Is there a perfect poison?

Could the perfect poison be something we haven't detected yet?
09 January 2018

Interview with 

Dr Lorna Nisbet, Anglia Ruskin University, Dr John Emsley, chemist and author




The poisons we’ve discussed so far are, thankfully, all detectable, and there are things we can do to reduce the risk of accidental poisoning. So where does this all leave our search for the perfect poison? Katie Haylor asked John Emsley...

John - I don’t think there is one now. Because of high performance liquid chromatography, which can separate every component of a mixture, along with mass spectrometry, which can identify anythings that's present, there’s no way once you suspect somebody’s died of poison, even a tiny strand of their hair analysed by this technique will reveal what it is. That’s assuming that a little of the poison has gone into the hair which often it does.

There’s no such thing any more as the perfect poison. Even something like adrenaline, which looked to be a perfect poison for this awful women in America. She had to use so much of it she needed to do that in order to wreck the heart as it were and, of course, once that person’s died there’s a residue of this at a higher level than nature can provide. So I just don’t think there is such a thing now as a perfect poison.

Katie - Good news! Reassuringly, John thinks there’s very little chance of a poison being able to escape our modern detection methods once a poisoning case is suspected. But, it’s one thing to have the benefit of history and hindsight looking at compounds we know and understand. What about new compounds? According to The Office for National Statistics deaths from new psychoactive substances are on the rise. Here’s Lorna again...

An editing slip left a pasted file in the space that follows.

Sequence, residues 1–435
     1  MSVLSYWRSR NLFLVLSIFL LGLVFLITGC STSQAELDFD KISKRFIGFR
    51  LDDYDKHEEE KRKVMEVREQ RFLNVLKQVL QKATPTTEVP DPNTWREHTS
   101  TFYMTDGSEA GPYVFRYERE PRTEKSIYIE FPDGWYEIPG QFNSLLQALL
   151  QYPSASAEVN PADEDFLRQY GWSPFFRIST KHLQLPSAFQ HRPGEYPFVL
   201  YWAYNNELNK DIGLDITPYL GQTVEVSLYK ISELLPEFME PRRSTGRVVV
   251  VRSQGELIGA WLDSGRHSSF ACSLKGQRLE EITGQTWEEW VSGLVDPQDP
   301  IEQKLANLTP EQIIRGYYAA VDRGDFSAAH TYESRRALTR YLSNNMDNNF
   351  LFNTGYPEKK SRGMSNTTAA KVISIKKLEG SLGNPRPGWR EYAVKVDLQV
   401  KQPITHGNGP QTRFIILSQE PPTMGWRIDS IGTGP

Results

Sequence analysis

Lorna - If I’m going to stand up in court and put to a pathologist “this my toxicology report, this is what I have found”, I have to be confident that I have found what I’m saying I’ve found. In order to do that I have to have a reference standard or I have to have a copy of what is called its mass spectra in a library. You can’t compare an unknown and magically know what it is. You’re comparing your unknown with a known. If I do not have a reference standard or a spectra of some sort to compare, I cannot go into court and argue that that is definitely what it is.

Katie - Compound to compound, you cannot guarantee that is the same?

Lorna - No. You would have to able to compare a known, and an unknown so that you can say that this is what this definitely is and you have to be able to prove the evidence for that. If these reference standards and if these spectra have not been done for that compound yet, so for instance, some of the psychoactive substances, we’re struggling to keep up with them. About two a week come into Europe right now so, realistically, we have more new psychoactive substances around than we do have of the classical drugs, so that can become a bit ‘needle in a haystack.’

Katie - In terms of poisons, I’m assuming people don’t take psychoactive drugs because they want to poison themselves, they take them for their intended effects. Can a psychoactive substance be a poison?

Lorna - Yes, it can. But it depends on the side effects of that psychoactive substance. The toxicity is what you’re looking for, normally with really classic drugs we would do LD50, these are what it takes to kill 50% of a population. Some of these drugs have a very high LD50s or they’re just unknown completely. LSD, for instance, most of the deaths from LSD come because, unfortunately, someone has fallen from a building. It’s through a mechanical death rather than the actual drug. But the newer versions of them, which are called n-bombs are much, much more potent and you don’t need the same amount. The onset of them is slightly slower so people tend to redose and, unfortunately, that’s how they die.


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